A weak orientation may be just a missed opportunity to wow a new hire, but it may also turn into a disaster if the process contradicts the impression put together by the recruiter or the organization's genuine culture. Embrace and deliver on this essential chance to cultivate a solid and fruitful relationship between your organization and staff.
Benefits of Orientation Programs
Educate managers on the necessity of making new hires feel welcome and important, and encourage them to do so using a regular orientation process. Productive and successful orientation programs may:
- Make workers see it as an opportunity to acquire new talent, increase productivity, and expand the winning team.
- Excite the new hire about his new job or team, and excite the team about the new hire.
- Give new hires information they need to eliminate barriers.
- Alleviate poor starts or disillusionment.
- Allow new hires to begin meaningful work as early as possible.
- Provide access to the company intranet or call center, so they can learn more about the organization and its benefits.
- Designate the person(s) responsible for helping new hires with their questions.
- Identify motivators, "de-motivators," dream-job factors and challenges, so they can be effectively managed.
- Strengthen the team by involving coworkers in the orientation and retention of new hires.
- Gain an advantage over competitors by treating new hires differently, so they spread the word that you "celebrate" new employees.
When creating an orientation program for your organization start within your organization -- survey your past "new hires" (i.e., current employees). Identify their problems, frustrations, and what they would like to encounter more and less of in the process. (You should do the same at exit interviews.)
Develop a set of success measures and metrics so that the process can be continually improved, and those who helped in orientation can be rewarded. Include training, MIS, and operations to ensure all details are measured.
New-Hire Employee Packet
A standardized new-hire employee packet is a beneficial orientation tool for both incoming employees and your organization, as it provides clarity and minimizes many potential questions. Strongly consider such a packet as a fundamental element of your larger orientation program.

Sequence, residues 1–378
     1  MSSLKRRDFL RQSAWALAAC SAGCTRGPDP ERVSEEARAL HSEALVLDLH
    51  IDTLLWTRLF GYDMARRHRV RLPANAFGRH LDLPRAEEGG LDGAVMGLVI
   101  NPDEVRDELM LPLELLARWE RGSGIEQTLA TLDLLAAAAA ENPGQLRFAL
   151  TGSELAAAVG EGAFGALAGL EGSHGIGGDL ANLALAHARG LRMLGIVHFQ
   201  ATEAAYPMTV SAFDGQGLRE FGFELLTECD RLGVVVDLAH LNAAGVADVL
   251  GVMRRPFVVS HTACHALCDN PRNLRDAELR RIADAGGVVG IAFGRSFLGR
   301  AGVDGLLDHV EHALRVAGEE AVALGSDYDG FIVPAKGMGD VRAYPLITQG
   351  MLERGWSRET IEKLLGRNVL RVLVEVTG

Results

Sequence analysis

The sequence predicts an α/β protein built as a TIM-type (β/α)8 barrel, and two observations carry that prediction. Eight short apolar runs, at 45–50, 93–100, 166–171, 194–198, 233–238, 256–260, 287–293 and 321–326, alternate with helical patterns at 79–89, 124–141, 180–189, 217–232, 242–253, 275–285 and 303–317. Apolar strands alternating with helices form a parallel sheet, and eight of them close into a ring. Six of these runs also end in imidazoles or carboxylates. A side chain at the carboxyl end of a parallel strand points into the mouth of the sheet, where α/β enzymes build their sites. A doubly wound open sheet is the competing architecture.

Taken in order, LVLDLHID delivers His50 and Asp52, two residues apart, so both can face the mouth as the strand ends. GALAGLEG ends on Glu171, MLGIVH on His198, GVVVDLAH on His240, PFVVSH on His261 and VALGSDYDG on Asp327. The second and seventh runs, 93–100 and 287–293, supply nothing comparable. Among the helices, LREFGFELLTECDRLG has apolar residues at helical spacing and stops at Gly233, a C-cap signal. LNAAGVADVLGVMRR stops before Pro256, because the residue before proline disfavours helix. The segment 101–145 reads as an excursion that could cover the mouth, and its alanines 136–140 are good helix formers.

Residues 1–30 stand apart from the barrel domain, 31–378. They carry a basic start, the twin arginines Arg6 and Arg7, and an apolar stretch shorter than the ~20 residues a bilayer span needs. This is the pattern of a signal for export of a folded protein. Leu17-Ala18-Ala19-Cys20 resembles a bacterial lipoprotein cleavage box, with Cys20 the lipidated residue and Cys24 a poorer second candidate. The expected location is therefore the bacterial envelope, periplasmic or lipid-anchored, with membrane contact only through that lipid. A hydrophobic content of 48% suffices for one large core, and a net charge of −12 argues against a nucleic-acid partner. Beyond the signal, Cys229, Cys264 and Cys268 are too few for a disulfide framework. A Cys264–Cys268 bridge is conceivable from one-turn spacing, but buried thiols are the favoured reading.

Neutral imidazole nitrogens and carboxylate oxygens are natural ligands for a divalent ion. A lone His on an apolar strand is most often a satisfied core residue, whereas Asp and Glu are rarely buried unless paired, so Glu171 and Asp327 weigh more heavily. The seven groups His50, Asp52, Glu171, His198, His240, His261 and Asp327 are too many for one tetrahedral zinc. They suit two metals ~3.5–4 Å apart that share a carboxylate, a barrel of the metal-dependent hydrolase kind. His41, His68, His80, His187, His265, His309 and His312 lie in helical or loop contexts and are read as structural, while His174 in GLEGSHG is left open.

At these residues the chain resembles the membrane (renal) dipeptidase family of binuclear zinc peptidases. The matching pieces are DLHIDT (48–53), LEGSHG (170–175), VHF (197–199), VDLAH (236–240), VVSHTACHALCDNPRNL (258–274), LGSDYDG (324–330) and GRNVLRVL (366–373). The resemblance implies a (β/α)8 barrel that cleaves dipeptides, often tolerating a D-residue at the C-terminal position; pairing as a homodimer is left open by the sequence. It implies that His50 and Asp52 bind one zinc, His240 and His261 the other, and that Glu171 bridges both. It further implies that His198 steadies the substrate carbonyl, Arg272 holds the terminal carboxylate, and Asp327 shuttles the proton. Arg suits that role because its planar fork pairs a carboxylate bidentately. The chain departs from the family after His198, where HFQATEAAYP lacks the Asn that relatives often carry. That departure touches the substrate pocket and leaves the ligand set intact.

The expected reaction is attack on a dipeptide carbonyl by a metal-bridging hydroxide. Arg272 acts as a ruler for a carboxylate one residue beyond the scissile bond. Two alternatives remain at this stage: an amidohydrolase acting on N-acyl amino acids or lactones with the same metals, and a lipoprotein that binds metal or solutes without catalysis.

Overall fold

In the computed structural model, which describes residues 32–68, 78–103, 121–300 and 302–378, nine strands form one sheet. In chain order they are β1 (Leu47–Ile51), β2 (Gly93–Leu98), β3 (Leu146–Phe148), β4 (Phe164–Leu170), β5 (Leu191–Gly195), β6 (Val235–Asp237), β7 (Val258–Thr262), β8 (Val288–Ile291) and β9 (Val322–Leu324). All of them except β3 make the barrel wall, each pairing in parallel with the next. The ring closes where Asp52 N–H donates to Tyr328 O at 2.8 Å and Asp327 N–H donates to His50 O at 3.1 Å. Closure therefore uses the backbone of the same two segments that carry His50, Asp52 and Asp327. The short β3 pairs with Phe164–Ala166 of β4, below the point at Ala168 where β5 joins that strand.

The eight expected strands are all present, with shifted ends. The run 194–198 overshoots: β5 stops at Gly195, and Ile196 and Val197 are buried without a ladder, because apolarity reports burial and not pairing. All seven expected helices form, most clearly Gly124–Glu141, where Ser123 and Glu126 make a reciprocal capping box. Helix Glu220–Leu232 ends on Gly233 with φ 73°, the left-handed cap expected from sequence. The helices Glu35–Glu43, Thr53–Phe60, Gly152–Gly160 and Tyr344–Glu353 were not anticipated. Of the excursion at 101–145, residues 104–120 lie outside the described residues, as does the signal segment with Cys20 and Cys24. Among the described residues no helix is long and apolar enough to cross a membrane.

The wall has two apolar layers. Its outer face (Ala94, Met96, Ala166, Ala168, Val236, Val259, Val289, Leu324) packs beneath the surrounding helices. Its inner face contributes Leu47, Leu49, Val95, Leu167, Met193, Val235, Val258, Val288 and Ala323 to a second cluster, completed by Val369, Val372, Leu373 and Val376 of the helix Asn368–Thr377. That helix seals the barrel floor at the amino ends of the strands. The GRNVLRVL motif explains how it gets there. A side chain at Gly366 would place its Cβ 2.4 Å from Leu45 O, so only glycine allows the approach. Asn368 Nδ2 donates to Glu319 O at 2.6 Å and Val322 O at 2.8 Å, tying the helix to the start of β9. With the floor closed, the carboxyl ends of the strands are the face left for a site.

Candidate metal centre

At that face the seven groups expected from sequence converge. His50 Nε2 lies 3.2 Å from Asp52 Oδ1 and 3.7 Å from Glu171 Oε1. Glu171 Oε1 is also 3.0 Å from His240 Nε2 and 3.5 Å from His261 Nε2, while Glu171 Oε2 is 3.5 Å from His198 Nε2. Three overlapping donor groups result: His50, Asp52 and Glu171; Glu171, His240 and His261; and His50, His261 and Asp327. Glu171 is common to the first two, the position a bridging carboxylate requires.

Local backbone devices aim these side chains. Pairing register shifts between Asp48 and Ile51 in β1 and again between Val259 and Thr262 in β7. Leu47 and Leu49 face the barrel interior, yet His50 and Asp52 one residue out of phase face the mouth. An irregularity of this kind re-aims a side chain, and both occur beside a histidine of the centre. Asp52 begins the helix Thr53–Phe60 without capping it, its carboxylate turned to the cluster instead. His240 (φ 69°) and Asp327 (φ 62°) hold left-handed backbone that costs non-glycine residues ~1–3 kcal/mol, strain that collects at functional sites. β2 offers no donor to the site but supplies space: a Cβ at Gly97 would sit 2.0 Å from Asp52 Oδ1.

To construct an effective new-hire employee packet, use a folder or large envelope to collect and present the following to your new employees on their first day:
- Information on all insurance benefits (overview, applications, summary plan descriptions and certificates)
- Federal I-9 form
- Federal tax forms
- State tax forms
- Emergency contact form
- Information on compensation program
- Handbook and acknowledgement form
- Telephone and Web site directory
- Information on organization events
- Scheduled holidays/time off
- List of acronyms, FAQs, buzzwords
- Mission/vision statement
- Organizational chart
- Names and titles of senior management
- Summary of each department/division
- Direct deposit form for payroll
More Ideas for Getting Off on the Right Foot
There are actions you can (and should) take to help your new employees hit the ground running and decrease their time to productivity:
- Have ready their work station, email address, telephone number, ID card, corporate credit card, etc.
- Assign them a departmental mentor for their first month. (An alternative is an orientation team to own the process.)
- Before they start, assess their training needs and schedule the required development program.
- Pre-schedule a meeting for shortly after they begin to identify any initial frustrations or problems.
Besides setting new hires up for professional success, you may want to reinforce your commitment to them personally with a welcoming gesture, such as:
- A phone call, email, or letter from the CEO/EVP.
- Breakfast or flowers on the first morning to celebrate their joining the "family"/team.
- A new-hire luncheon to meet the team.
- A banner signed by the CEO and coworkers.
- Taking a team picture on the first day and having coworkers sign it.
- A plaque celebrating their first day.
- A "dinner for two" certificate to tell a friend about their new job.
- A note and picture on your corporate Web site.
- A picture in local ads or in regular corporate advertising.